MADRID, October 19 – Spain\’s prime minister, in an interview published Sunday, called for deep changes in the global financial system, with stricter rules and limits on the salaries paid to senior executives.
"There has to be a stricter regulation and international supervision, at least at the level of the European Union," socialist Prime Minister Jose Luis Rodriguez Zapatero was quoted as saying in the newspaper Publico.
"It is a question of in-depth reform of the financial system," he told the daily.
"There has to be regulation and limits to everything to do with incentives and rewards" for heads of businesses, said Zapatero, describing as "scandalous" some financial benefits paid to bosses which had "removed their inhibitions in the face of risk."
Zapatero also called for "new rules for credit rating agencies which bear major responsibility in this crisis."
He said that overall there needed to be greater transparency in the present financial system: "there cannot be shadowy financial products which escape practically all regulation, as has greatly developed in the United States."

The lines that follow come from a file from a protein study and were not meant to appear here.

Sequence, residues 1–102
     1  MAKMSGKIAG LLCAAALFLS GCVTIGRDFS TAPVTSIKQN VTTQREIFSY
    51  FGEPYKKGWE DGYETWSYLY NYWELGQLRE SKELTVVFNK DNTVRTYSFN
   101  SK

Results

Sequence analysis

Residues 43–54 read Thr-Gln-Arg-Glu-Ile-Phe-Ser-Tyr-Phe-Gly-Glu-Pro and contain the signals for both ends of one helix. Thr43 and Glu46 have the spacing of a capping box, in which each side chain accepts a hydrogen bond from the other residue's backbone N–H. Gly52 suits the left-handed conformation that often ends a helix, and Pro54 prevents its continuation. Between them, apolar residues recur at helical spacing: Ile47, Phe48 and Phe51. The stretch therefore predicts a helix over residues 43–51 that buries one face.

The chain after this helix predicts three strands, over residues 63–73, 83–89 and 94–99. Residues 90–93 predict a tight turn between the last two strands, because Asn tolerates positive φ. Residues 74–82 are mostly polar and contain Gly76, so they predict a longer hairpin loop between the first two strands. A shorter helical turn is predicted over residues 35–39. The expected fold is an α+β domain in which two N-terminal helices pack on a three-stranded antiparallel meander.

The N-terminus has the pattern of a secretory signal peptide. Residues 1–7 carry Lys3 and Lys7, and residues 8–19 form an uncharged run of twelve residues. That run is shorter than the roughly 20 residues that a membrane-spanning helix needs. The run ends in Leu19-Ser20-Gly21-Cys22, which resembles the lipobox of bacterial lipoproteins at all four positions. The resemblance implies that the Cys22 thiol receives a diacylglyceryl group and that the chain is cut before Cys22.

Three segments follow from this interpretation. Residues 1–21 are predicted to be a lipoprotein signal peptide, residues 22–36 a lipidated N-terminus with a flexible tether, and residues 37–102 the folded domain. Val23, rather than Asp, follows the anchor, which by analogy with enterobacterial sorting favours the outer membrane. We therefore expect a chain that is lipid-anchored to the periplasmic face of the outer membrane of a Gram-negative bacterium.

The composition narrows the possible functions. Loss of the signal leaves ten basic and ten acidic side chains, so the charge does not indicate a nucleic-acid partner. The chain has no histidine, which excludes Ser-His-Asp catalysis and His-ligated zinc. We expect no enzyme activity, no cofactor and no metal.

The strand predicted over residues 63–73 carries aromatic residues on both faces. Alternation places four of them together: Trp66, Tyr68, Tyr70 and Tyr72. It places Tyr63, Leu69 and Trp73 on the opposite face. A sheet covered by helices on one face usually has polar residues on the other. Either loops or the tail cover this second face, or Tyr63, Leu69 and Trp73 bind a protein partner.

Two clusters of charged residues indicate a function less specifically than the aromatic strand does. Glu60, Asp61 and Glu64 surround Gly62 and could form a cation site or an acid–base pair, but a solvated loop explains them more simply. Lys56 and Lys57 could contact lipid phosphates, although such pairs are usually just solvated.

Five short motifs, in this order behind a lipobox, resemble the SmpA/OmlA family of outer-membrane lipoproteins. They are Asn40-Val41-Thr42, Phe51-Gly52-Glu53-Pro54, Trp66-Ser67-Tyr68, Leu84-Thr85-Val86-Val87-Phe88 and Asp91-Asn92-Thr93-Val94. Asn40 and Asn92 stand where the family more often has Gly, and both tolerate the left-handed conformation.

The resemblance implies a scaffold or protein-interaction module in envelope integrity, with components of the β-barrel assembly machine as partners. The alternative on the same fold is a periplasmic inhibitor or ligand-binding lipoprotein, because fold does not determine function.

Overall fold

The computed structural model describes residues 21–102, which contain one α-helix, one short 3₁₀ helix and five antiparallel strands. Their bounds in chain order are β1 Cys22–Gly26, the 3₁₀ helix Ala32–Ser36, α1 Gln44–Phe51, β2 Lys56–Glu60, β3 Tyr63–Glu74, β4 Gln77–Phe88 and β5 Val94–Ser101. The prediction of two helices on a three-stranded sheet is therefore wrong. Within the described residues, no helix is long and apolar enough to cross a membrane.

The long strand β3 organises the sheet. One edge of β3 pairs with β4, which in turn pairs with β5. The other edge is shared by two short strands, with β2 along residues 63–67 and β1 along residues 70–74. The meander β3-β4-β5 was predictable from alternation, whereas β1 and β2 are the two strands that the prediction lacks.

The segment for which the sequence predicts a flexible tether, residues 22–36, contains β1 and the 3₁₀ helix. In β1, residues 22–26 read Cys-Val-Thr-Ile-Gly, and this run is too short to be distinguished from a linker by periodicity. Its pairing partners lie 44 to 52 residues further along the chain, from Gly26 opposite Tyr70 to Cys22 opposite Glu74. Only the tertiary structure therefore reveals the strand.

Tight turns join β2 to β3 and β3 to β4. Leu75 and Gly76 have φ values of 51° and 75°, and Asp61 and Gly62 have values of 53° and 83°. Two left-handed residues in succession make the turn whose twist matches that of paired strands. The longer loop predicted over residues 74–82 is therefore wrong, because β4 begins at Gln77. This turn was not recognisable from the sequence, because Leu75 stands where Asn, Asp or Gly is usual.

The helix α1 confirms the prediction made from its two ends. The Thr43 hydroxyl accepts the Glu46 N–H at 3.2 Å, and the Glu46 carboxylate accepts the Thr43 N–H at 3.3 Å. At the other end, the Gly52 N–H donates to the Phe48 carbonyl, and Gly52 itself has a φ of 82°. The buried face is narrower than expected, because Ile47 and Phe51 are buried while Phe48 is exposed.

"We are going to carry out (the reforms) urgently in the framework of the European Union. It is an undertaking that we have already discussed and decided upon," Zapatero said.
At the international level "the EU must take over the leadership of change because that is what it has long been calling for while the United States was not favourable."
Zapatero said that the Internatioal Monetary Fund could have a role to play in the recasting of the international financial system but it would need a new mandate and its nature and functions would have to change.
At the political level, Zapatero said the left should "show initiative with suggestions to regulate globalisation" which if not regulated "could produce disastrous effects."
US President George W. Bush, his French counterpart Nicolas Sarkozy and EU Commission President Jose Manuel Barroso agreed Saturday on the holding of a series of summits to address the problems facing the global economy.
The first summit of heads of government is to be held in the United States "soon after the US elections" which take place November 4, a statement said.
The world leaders will "review progress being made to address the current crisis and to seek agreement on principles of reform needed to avoid a repetition and assure global prosperity in the future," it added.
Later summits "would be designed to implement agreement on specific steps to be taken to meet those principles," the statement read.